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Yes this is what I understood from the previous exchanges. What I wanted to know was more actual numbers: is it 10%, 50% or 200% slower or does it really depend on the size of the dataset?

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ogrisel commented Jul 8, 2013

Yes this is what I understood from the previous exchanges. What I wanted to know was more actual numbers: is it 10%, 50% or 200% slower or does it really depend on the size of the dataset?

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Yes this is what I understood from the previous exchanges. What I wanted to know was more actual numbers: is it 10%, 50% or 200% slower or does it really depend on the size of the dataset?

About twice slower on the benchmarks we did.

(On some others, it was faster though... so this is really parameter dependent.)

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glouppe commented Jul 8, 2013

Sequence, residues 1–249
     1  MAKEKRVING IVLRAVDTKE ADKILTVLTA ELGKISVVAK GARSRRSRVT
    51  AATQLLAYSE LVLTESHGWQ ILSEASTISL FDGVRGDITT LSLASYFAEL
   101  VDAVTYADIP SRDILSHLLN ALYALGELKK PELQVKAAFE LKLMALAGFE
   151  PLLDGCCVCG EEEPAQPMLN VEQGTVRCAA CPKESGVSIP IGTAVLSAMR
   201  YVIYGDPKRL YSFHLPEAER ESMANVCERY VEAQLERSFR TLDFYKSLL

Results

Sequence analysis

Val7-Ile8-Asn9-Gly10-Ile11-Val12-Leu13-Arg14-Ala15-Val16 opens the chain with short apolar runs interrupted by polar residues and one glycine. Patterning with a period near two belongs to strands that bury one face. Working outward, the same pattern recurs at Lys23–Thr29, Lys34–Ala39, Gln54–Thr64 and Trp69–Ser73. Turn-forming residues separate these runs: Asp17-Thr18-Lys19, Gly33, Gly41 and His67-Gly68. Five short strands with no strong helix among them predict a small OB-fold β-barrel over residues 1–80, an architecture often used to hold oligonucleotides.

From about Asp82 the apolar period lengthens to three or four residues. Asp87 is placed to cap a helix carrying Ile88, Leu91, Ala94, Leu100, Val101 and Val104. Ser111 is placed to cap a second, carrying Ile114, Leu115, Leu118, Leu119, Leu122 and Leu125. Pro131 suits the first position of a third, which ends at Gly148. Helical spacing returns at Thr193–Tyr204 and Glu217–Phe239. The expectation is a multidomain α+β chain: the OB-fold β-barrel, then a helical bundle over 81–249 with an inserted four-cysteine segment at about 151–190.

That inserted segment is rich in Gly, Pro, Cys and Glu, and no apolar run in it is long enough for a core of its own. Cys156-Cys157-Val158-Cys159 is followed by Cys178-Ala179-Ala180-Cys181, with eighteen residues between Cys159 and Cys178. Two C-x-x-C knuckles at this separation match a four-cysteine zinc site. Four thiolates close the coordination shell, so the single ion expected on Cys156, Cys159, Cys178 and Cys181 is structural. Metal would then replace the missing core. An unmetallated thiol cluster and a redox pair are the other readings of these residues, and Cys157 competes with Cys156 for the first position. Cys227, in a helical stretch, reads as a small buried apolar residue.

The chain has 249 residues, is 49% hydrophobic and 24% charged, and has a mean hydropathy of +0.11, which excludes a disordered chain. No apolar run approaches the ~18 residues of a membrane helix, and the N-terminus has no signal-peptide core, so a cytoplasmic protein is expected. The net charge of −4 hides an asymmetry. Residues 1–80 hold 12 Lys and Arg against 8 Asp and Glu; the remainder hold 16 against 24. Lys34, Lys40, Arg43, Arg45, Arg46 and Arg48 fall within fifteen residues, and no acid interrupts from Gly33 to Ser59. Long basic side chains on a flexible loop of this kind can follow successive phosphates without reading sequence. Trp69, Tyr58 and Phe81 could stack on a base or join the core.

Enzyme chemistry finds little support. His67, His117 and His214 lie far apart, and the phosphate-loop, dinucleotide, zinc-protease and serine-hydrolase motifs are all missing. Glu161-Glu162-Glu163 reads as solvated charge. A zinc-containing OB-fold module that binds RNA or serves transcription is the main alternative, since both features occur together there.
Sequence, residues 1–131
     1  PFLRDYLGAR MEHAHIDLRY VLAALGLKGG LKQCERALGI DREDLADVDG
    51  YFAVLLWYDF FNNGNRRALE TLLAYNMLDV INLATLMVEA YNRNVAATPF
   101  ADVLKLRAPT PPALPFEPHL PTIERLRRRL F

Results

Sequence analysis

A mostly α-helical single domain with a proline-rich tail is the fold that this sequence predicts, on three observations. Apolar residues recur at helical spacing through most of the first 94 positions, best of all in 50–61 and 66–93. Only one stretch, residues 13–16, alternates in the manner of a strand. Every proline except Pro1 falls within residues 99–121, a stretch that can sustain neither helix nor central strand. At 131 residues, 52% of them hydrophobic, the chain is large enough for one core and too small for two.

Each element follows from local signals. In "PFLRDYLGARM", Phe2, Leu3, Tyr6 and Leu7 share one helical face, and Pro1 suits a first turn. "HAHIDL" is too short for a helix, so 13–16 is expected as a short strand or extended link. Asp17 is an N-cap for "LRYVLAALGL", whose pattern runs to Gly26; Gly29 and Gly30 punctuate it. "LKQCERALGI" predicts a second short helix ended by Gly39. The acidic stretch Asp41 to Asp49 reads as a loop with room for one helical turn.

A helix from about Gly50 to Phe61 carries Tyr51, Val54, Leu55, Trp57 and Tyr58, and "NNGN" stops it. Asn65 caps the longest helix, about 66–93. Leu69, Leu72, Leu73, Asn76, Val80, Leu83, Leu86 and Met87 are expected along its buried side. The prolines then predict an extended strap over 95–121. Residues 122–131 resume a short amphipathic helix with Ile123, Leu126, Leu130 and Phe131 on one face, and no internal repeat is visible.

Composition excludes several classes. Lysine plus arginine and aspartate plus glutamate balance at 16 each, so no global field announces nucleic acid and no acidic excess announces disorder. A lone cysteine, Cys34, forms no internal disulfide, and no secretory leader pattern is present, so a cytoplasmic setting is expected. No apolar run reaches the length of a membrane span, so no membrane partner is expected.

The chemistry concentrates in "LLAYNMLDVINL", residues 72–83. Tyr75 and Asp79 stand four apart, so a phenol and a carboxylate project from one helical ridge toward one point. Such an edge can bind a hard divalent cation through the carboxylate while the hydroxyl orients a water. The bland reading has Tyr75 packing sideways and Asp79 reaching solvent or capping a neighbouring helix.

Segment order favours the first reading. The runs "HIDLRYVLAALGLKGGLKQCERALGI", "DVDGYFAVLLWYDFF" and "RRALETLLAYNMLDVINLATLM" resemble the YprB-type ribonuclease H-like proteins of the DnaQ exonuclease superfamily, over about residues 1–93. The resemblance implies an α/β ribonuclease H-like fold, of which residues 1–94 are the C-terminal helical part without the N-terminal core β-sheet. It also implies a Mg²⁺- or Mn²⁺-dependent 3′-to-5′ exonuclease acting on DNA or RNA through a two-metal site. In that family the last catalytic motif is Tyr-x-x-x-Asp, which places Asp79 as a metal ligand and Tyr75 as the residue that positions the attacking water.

Yes this is what I understood from the previous exchanges. What I wanted to know was more actual numbers: is it 10%, 50% or 200% slower or does it really depend on the size of the dataset?

About twice slower on the benchmarks we did.

(On some others, it was faster though... so this is really parameter dependent.)

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@glouppe Awesome work! For those of us who have been curious about how wise.io's RFs were so much faster, what do you think was the most important change for the performance gains?

yang commented Jul 8, 2013

@glouppe Awesome work! For those of us who have been curious about how wise.io's RFs were so much faster, what do you think was the most important change for the performance gains?